A serious head injury occurs when the brain hits against the
inside of the skull with enough force to cause brain damage. A serious head
injury may result from a hard blow to the head, from severe jarring or shaking of
the head, or when an object pierces the head.
With this type of injury, the brain tissue may bruise,
swell, or tear. Nerves or blood vessels within or around the brain may stretch,
pull apart, or tear.
Serious injury to the brain may occur even
when there is no visible bleeding or injury on the outside of the skull.
Symptoms of a serious head injury may include:
A difference in the size of the pupils of the eyes.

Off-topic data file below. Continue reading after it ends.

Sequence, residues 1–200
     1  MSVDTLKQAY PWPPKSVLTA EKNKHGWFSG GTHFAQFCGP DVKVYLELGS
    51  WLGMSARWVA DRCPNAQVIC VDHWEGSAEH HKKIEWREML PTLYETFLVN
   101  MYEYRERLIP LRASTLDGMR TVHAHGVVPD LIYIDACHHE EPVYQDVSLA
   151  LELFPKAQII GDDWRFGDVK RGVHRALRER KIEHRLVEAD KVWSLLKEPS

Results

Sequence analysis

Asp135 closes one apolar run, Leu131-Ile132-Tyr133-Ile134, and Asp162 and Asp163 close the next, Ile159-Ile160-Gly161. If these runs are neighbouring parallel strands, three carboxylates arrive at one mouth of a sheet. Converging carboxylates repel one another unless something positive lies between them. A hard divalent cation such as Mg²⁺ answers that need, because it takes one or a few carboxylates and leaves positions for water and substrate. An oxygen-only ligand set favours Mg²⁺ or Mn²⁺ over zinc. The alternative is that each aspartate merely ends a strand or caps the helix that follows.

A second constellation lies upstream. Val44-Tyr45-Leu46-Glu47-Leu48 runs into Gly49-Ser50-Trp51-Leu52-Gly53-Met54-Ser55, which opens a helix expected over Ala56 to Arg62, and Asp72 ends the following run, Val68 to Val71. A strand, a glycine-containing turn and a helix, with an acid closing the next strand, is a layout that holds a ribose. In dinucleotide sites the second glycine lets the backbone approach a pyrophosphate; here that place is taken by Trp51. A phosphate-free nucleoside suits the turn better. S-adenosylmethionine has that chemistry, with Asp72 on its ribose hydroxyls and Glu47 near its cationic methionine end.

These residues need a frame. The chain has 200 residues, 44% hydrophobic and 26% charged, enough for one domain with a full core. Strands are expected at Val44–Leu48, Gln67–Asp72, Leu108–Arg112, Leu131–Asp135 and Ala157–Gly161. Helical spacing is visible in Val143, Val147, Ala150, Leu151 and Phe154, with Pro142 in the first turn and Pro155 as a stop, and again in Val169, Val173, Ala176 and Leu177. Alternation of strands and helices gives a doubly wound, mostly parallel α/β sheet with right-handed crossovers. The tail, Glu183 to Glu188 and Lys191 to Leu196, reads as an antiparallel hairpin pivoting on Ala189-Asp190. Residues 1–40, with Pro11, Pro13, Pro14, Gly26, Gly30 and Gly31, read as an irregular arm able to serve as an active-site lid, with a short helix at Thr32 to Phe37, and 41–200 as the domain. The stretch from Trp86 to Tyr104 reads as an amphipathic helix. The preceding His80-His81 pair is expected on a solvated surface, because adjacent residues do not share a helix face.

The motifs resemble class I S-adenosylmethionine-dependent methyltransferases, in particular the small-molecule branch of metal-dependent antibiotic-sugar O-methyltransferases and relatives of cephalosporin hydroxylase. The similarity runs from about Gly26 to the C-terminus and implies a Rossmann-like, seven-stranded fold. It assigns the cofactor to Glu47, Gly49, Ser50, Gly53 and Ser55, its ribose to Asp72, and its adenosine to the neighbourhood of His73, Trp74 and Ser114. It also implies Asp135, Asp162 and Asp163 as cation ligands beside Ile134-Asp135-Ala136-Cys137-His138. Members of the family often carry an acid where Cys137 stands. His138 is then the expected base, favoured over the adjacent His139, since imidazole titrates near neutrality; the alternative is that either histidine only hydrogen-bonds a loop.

New vision problems.
A person with a serious head injury should visit a doctor immediately.
It can be hard right after a head
injury to tell the difference between a mild concussion and a more serious
injury. A brain bruise (contusion) or bleeding within the skull at first may
cause only mild symptoms. If a person with a head injury is seen by a doctor,
he or she should still be closely watched for any changes in behavior or
symptoms for the next 24 hours or longer.
William H. Blahd, Jr., MD, FACEP - Emergency Medicine & H. Michael O'Connor, MD - Emergency Medicine
The Health Encyclopedia contains general health information. Not all treatments or services described are covered benefits for Kaiser Permanente members or offered as services by Kaiser Permanente. For a list of covered benefits, please refer to your Evidence of Coverage or Summary Plan Description. For recommended treatments, please consult with your health care provider.